The Islamabad High Court (IHC) on Wednesday sought a reply from the Pakistan Telecommunication Authority (PTA) while hearing a petition against the ban on TikTok and social media rules.
The Chinese video-sharing platform was banned in the country, on the directives of courts, for uploading objectionable content which is not acceptable in Pakistani society.
IHC Chief Justice Athar Minallah observed that the attorney general had assured the court that the stakeholders would be consulted for amending the social media rules.
Read more: TikTok ban violates basic rights: IHC
The additional attorney general replied that new social media rules had been formulated. The judge said the court wanted to know what practices were adopted across the globe in identical cases.
“PTA should satisfy [the court] which section of Peca Act gives the authority to block social media platform?”
The judge said the attorney general should inform the court whether “meaningful consultations” had been held with stakeholders for amending the social media rules.
Journalist Hamid Mir told the court that a meeting of stakeholders was held at the human rights ministry where it was deliberated that the social media rules are a “draconian law”. He said no heed was paid to the advice of experts by the government.
Also read: PTA failed to justify TikTok ban: IHC
The chief justice remarked that the court would appoint the experts as amicus curiae and listen to them. Mir suggested the name of social media expert Sadaf Baig to assist the court.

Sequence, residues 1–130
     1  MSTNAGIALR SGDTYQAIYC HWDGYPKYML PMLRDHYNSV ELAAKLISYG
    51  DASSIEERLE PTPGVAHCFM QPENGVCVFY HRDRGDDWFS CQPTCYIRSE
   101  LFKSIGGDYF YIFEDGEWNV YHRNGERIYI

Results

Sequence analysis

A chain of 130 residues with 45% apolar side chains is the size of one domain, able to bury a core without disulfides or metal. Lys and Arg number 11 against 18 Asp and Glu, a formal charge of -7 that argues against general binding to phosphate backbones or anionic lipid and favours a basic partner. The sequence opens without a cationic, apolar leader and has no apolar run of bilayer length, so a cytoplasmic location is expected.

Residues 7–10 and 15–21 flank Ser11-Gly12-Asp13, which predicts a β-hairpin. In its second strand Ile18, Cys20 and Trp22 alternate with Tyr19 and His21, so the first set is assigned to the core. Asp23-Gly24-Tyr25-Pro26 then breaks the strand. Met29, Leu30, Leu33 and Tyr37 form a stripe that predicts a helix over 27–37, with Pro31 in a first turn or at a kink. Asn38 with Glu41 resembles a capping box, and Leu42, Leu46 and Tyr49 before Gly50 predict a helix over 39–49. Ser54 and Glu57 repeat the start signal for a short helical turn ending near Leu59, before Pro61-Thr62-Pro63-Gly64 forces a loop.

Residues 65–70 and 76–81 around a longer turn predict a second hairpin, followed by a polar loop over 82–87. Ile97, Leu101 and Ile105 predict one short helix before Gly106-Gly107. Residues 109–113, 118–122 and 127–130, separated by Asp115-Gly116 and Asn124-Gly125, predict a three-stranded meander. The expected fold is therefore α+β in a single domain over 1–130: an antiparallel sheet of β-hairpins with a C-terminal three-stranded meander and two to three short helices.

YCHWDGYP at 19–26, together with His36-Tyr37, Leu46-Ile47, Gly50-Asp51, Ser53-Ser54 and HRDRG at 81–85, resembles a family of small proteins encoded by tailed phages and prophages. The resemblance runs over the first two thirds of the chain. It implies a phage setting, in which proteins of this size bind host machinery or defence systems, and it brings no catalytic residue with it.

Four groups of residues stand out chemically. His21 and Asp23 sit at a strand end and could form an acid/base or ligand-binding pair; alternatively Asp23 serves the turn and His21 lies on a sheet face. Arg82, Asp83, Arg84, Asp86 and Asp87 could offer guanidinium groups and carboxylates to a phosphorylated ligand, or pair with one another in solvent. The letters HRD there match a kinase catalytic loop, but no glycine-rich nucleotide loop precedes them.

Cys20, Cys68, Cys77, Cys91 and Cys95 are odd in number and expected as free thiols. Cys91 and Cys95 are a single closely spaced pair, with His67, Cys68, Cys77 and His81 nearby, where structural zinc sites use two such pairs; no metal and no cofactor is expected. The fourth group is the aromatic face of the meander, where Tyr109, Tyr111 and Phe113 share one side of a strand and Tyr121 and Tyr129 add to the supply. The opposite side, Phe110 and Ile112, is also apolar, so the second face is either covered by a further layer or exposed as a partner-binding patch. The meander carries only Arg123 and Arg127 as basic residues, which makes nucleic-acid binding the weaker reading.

The judge referred to reports in newspapers which stated that a trend against the judiciary continued on social media.
“What difference does it make? Will you block the social media platform on which the trend against judiciary is going on?” the judge asked.
The judge observed that no content related to child pornography and hate speech should be uploaded on social media but criticism on public office holders and institutions on the relevant forum could be done.
“Which section empowers the PTA to block the entire site or app?” the IHC CJ asked.
The chief justice observed that the relevant fora would decide if a person comes up with a complaint that a particular content is objectionable.
The judge further asked how 99% of the content could be banned over 1% objectionable material.
The court sought reply from the PTA on the matter and adjourned the hearing till November 22.
TikTok was also banned earlier several times for allowing its content creators to upload videos that violated laws and sentiments of people in the country.